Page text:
The report also says the best way to overcome lack of flavor is by taking matters into your own hands, or should I say ‘taking matters into your own kitchen.’

As the pH health care team continually suggests, cooking most of your meals at home from scratch is the best way to go. You can make up for a lack of flavor by seasoning your foods with aromatic spices and herbs like basil, cilantro, parsley, cumin, sage, dill, ginger and more. Think of these herbs and spices as being your secret weapons. Not only will they enhance the flavor of home-cooked meals and help you reduce the amount of salt you use, but they also contain a lot of essential vitamins and minerals such as calcium, potassium, folate, phosphorus and more.

“Another trick is to add foods that contain natural flavour enhancers, such as tomatoes or parmesan cheese, and combine these with low-salt soy sauce or tiny amounts of fish-based sauces, such as Worcester sauce, which contains anchovies. This works well because the nucleotides found in the fish and in the soy sauce work together with glutamic acid found in tomatoes or in cheese to give a more powerful savoury flavour,” according to the report.

If you already have high blood pressure or need to watch your salt, consult a competent healthcare professional about using low-salt soy sauce and fish-based sauces. They still contain sodium, so it’s best to see what’s specifically appropriate for your diet.

Taste with Your Nose.

Hear me out.

According to the report, “Researchers have tested complex flavourings as well as single aroma compounds for their ability to make us believe there is more salt in food than there actually is. The aromas that have been tested smell like meat, sardines, cheese or anchovy. And because we associate these foods with saltiness, we perceive the product as saltier, even though no salt has been added. In other words, we can trick the brain into thinking we are tasting salt.”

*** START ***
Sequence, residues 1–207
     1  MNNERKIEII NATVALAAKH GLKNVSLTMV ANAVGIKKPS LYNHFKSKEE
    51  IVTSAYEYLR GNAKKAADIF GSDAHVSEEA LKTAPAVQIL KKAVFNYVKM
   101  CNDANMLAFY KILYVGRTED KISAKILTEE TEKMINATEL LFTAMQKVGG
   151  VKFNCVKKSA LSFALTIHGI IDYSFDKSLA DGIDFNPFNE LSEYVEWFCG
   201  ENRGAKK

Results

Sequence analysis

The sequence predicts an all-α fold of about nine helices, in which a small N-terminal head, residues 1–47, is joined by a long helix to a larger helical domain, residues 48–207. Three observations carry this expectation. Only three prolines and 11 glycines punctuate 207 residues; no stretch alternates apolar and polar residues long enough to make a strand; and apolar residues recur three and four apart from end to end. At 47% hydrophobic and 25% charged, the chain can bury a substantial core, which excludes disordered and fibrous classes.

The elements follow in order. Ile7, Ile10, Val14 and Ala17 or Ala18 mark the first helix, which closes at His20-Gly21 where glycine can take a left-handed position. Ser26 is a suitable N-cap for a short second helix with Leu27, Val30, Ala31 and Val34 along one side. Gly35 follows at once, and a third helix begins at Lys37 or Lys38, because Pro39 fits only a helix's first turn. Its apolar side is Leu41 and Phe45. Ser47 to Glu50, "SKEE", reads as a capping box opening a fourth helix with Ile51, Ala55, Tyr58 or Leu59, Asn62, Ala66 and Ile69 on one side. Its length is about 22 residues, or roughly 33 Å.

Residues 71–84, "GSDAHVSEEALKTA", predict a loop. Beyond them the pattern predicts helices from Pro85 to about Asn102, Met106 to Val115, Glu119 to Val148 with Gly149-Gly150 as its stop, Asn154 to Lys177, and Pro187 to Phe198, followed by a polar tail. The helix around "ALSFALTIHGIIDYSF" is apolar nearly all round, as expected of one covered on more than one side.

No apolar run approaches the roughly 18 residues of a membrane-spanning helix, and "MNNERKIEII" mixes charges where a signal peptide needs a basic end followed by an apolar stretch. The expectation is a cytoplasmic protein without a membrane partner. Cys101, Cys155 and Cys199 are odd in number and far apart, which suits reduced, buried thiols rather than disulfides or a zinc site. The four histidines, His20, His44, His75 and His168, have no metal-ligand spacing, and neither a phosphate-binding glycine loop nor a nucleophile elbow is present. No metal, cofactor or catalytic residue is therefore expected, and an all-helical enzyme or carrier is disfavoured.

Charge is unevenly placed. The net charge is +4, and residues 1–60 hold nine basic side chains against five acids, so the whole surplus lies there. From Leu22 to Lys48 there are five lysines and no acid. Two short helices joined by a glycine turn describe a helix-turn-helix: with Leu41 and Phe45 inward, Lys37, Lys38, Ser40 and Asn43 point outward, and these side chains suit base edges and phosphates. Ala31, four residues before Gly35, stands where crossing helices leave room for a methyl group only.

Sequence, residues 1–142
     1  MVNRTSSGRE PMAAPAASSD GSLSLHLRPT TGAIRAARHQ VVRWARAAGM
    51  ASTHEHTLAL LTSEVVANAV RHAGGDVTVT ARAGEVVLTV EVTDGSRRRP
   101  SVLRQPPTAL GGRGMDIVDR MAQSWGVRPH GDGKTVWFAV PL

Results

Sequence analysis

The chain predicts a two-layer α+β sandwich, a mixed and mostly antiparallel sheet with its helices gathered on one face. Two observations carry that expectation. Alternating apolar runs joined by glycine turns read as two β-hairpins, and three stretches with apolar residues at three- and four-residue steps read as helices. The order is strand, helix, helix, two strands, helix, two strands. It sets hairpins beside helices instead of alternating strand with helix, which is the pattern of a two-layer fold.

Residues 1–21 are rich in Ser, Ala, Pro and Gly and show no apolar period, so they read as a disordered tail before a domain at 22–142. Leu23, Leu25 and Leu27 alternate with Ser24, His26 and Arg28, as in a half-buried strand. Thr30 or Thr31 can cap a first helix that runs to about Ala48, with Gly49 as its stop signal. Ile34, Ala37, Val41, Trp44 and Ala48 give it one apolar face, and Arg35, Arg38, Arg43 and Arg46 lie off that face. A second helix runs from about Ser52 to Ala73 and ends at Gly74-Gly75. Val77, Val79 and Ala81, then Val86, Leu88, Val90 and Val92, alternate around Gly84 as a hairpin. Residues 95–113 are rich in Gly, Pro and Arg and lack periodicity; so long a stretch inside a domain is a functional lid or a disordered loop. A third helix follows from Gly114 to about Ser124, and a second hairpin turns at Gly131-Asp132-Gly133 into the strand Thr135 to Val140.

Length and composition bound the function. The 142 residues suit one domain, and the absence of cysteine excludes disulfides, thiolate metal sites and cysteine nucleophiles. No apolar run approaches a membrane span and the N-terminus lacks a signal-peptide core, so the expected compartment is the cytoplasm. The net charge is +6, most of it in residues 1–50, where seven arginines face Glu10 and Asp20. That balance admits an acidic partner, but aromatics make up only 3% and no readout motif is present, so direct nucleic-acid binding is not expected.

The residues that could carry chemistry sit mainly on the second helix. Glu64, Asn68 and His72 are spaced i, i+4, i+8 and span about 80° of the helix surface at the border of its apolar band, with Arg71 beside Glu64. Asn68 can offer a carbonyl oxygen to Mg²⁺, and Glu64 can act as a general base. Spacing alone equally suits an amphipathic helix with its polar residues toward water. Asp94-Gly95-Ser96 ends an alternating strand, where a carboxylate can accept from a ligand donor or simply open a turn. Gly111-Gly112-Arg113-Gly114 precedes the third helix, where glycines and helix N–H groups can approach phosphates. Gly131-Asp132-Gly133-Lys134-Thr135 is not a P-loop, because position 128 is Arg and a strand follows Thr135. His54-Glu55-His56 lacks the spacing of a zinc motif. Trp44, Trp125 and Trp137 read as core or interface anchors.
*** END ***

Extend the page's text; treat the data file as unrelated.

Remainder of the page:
It also appears the less salt you consume, the less you will want it. The same goes for sugar. Think of them as addictive substances that should be consumed in moderation or maybe not even at all.

Know What’s In Your Supplements.

“If you routinely take an effervescent (dissolvable) vitamin supplement, or take effervescent painkillers when necessary, it's worth remembering that these can contain up to 1g salt per tablet. You may therefore wish to consider changing to a non-effervescent tablet, particularly if you have been advised to watch or reduce your salt intake,” reports the National Health Service (NHS).

Always consult with a professional when it comes to taking supplements, and speak up if you’re concerned about the amount of salt you are consuming.


Enjoy your healthy life!

The pH professional health care team includes recognized experts from a variety of health care and related disciplines, including physicians, attorneys, nutritionists, nurses and certified fitness instructors. This team also includes the members of the pH Medical Advisory Board, which constantly monitors all pH programs, products and services. To learn more about the pH Medical Advisory Board, click here.